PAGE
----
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Google opens Thailand office, to continue to invest in Southeast Asia
|25 августа 2011|
Google Inc. will continue to invest in Southeast Asia, the fastest growing market for the U.S. Internet search and services company, a company executive said Wednesday."Southeast Asia is coming into prominence but not much of content about the region is available on the Internet. With over 120 million people online in the region, we are particularly excited about growth in the region," Julian Persaud, the managing director for Google in Southeast Asia, told Dow Jones Newswires in an interview.
The comments came as Google Wednesday announced the opening of its new office in Bangkok, the second local operation started in the region this year after the Mountain View, Calif.-based company opened an office in Kuala Lumpur in January. The company had set up offices in Singapore and South Korea in 2007.
Persaud said Google sees a "massive" growth opportunity in bringing businesses online in Southeast Asia with the region's economies heavily reliant on exports to drive their growth.
"A lot of this is about education and working with partners, which we are doing. A lot of marketers realize that customers are moving online," he said.
Persaud said the company is also making investments in localized products such as its online translation service and maps. Google's 'Chrome' browser, used to connect to the Internet, is now the number one in Malaysia and the Philippines, he said.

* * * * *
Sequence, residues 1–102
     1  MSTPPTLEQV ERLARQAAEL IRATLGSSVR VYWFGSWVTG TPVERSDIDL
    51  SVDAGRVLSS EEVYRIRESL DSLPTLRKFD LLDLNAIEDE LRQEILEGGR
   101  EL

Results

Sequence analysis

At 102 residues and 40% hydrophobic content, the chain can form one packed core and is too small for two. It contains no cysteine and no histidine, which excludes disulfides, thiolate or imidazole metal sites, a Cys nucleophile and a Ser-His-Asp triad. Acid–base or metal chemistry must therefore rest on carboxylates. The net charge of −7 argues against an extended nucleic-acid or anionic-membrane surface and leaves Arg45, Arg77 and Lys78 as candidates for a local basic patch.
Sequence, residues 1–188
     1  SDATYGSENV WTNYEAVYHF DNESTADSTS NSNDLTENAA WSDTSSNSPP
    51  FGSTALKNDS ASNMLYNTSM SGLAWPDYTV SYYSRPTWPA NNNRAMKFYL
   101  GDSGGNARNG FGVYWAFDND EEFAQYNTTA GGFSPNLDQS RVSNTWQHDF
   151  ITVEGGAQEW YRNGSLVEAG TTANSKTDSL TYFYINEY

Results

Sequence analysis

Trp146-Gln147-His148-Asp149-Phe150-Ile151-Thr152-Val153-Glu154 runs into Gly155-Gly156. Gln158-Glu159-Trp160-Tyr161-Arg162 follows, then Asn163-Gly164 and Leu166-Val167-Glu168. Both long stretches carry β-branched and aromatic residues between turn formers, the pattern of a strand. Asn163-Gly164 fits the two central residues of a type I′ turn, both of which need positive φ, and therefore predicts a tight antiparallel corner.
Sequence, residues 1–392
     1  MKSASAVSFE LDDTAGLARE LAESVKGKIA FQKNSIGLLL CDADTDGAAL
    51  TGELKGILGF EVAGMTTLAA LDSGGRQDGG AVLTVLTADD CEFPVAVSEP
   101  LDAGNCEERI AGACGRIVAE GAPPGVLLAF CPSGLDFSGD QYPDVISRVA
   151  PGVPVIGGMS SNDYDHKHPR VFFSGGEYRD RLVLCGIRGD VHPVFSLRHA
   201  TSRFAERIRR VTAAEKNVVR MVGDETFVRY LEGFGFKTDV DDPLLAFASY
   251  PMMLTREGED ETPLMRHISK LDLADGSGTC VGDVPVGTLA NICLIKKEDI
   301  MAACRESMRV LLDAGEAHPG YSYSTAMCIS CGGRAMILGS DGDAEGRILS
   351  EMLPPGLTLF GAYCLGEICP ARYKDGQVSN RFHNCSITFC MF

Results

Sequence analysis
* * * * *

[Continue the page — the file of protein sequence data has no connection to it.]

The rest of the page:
The Internet giant aims to hire 500 people in Asia this year, around a fifth of them in Southeast Asia, he said. The executive declined to give details of the number of staff or planned hiring in its offices in the region, but said that the company employs about 250 people in Singapore and a "handful" in its offices in Malaysia and Thailand.
Persaud said Google has to balance between openness and restrictions on Internet content placed by some nations in the region."We are broadly anti-censorship. However, we comply with local laws."
Southeast Asia, like China, presents significant challenges for technology companies. Several countries including Vietnam and Thailand have sought to limit political debate online in recent years by attempting to block some sites including Facebook or by jailing dissident bloggers. Blackberry maker Research In Motion Ltd.(RIMM) installed filters on its smartphones in Indonesia to comply with a government order to block pornographic material. In China, Google had to reroute its Internet search engine to Hong Kong last year due to censorship concerns.
The company wouldn't come to Malaysia and Thailand if Google couldn't work in those countries, Persaud said.
Asked about plans to launch hardware products following Google's announcement last week that it was buying handset maker Motorola Mobility Holdings Inc. in a US$12.5 billion deal, Persaud said it was too early to talk about what the two companies would do together.
He reiterated that Android will remain an open mobile platform and the Motorola deal will strengthen Google's patent portfolio.
Источник: Total Telecom